News Release

Ivy Brain Tumor Center announces results from Phase 0/1 clinical trial of ribociclib plus everolimus in recurrent high-grade glioma

Study results published in the journal of Neuro-Oncology; will be presented at the European Association for Neuro-Oncology (EANO) Meeting by Nader Sanai, M.D.

Peer-Reviewed Publication

Ivy Brain Tumor Center

Nader Sanai, MD

image: Nader Sanai, MD, director of the Ivy Brain Tumor Center and director of neurosurgical oncology at Barrow Neurological Institute view more 

Credit: Ivy Brain Tumor Center

PHOENIX, Ariz., Sept. 9, 2021 - The Ivy Brain Tumor Center at Barrow Neurological Institute, the largest early-phase drug development program for brain cancer in the world, announced results from their Phase 0/1 clinical trial of ribociclib plus everolimus in patients with high-grade glioma (HGG). The study found that ribociclib achieved pharmacologically-relevant concentrations in gadolinium (Gd)-non-enhancing tumor, consistent with the observed tumor pharmacodynamics (PD) effects; while everolimus demonstrated minimal penetration in the (Gd)-non-enhancing compartment of the tumor. 

The purpose of the study was to determine the combined effect of RB-CDK4/6 and mTOR inhibitors on recurrent HGGs by evaluating the tumor pharmacokinetics (PK) and tumor pharmacodynamics (PD). The results were published in the journal of Neuro-Oncology and will also be presented at the EANO Meeting on September 26, 2021 by Nader Sanai, MD, director of the Ivy Brain Tumor Center and director of neurosurgical oncology at Barrow Neurological Institute. 

The Ivy Brain Tumor Center has been investigating ribociclib in a monotherapy clinical trial for glioblastoma and while ribociclib exhibited good brain penetration, the single drug therapy had limited clinical efficacy. Longitudinal analysis of samples from the monotherapy trial provided the rationale for this first combination trial with ribociclib and everolimus to undermine resistance mechanisms. 

“Our primary focus is to discover new therapeutic drug combinations that can penetrate the blood-brain barrier, modulate their targets and ultimately prevent regrowth of cancer cells,” said Shwetal Mehta, PhD, chief operating officer and deputy director of the Ivy Brain Tumor Center. “This study demonstrated that everolimus does not sufficiently penetrate the brain tumor and its further development for this patient population is not recommended. Whereas, we continue to see positive results from ribociclib and believe there is promise in CDK4/6 inhibitors combined with other targeted therapies for the treatment of brain cancer.”

In the last 30 years, there has only been one drug approved by the FDA with a survival benefit for glioblastoma, the most common brain cancer. The standard-of-care is not curative and most patients experience tumor progression after treatment. Unlike conventional Phase 1, 2 or 3 trials, the Ivy Center’s Phase 0 trials bridge the gap between initial drug testing and definitive efficacy studies. The goal is to quickly identify how a drug works in patients and whether it should be fast-tracked for further development.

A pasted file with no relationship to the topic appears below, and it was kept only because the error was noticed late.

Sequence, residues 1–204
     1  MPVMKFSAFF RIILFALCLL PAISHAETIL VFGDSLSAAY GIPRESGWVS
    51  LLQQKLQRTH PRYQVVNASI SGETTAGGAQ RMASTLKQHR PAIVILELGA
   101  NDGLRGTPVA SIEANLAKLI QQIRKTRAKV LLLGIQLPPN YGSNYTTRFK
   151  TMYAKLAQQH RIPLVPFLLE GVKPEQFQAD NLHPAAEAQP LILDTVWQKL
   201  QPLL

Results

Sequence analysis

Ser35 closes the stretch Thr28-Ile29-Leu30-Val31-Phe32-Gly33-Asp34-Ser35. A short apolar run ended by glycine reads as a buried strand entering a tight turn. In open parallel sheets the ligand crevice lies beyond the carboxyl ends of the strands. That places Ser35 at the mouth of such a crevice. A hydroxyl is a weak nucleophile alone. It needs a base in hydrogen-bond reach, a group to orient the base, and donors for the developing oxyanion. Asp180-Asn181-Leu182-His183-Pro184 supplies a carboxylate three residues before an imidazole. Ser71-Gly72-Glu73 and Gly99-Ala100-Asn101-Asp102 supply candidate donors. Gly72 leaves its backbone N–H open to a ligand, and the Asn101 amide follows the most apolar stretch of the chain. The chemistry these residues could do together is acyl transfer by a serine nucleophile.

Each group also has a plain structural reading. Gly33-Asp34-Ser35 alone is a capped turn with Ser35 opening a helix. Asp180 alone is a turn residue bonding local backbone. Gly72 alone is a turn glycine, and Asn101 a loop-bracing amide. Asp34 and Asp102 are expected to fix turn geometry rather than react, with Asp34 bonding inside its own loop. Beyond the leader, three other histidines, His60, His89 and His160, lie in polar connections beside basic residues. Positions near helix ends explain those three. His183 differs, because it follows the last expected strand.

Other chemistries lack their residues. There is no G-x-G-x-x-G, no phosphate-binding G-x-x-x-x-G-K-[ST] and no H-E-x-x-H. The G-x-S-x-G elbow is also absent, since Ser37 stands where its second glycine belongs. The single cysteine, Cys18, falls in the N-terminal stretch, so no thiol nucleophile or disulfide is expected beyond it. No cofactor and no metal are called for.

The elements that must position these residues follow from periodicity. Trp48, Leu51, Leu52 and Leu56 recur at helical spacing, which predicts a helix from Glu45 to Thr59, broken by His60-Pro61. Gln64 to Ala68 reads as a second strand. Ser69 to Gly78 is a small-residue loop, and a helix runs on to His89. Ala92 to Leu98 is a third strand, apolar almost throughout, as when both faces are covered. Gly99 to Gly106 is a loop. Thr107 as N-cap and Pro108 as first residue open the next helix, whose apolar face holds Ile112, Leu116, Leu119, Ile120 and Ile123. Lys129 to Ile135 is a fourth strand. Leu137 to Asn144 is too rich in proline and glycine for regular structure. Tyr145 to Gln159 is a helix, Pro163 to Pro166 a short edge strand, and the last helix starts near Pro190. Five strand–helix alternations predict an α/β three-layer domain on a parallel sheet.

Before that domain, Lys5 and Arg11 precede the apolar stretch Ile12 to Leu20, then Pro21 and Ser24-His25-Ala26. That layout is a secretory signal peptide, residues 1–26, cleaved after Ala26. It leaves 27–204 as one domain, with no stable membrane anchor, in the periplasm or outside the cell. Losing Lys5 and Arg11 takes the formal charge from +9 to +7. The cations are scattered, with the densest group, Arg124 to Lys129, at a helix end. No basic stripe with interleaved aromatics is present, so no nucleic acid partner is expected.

“An integral component of our Phase 0 clinical trials is genetic testing. We match new targeted drug combinations to our patients and can measure their effect in about 10 days,” said Nader Sanai, MD. “The speed in which our clinical trials operate are paramount to our patients who desperately need effective treatment options for their case without losing valuable time.”

About Ribociclib and Everolimus Inhibitors

Ribociclib is FDA approved to treat advanced breast cancer and is part of a newly-discovered class of targeted therapy that undermines cancer cell division.

Everolimus is a derivative of sirolimus and an inhibitor of tor serine-threonine kinases. It has been extensively tested in clinical trials to treat brain tumors. It is used to prevent graft rejection in heart and kidney transplant patients by blocking cell proliferation signals. It is also an antineoplastic agent.

This study is funded by the Ben and Catherine Ivy Foundation and the individual donors of the Barrow Neurological Foundation. Additional clinical trial information can be found at NCT03834740 or the Ivy Brain Tumor Center’s website.


About Ivy Brain Tumor Center 

Ivy Brain Tumor Center at the Barrow Neurological Institute in Phoenix, AZ is a non-profit translational research program that employs a bold, early-phase clinical trials strategy to identify new treatments for aggressive brain tumors, including glioblastoma. The Ivy Center’s Phase 0 clinical trials program is the largest of its kind in the world and enables personalized care in a fraction of the time and cost associated with traditional drug development. Unlike conventional clinical trials focusing on single drugs, its accelerated trials program tests therapeutic combinations matched to individual patients. Learn more at Follow the Ivy Brain Tumor Center on Facebook, Instagram, Twitter and LinkedIn


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Kim Dutton

Ivy Brain Tumor Center





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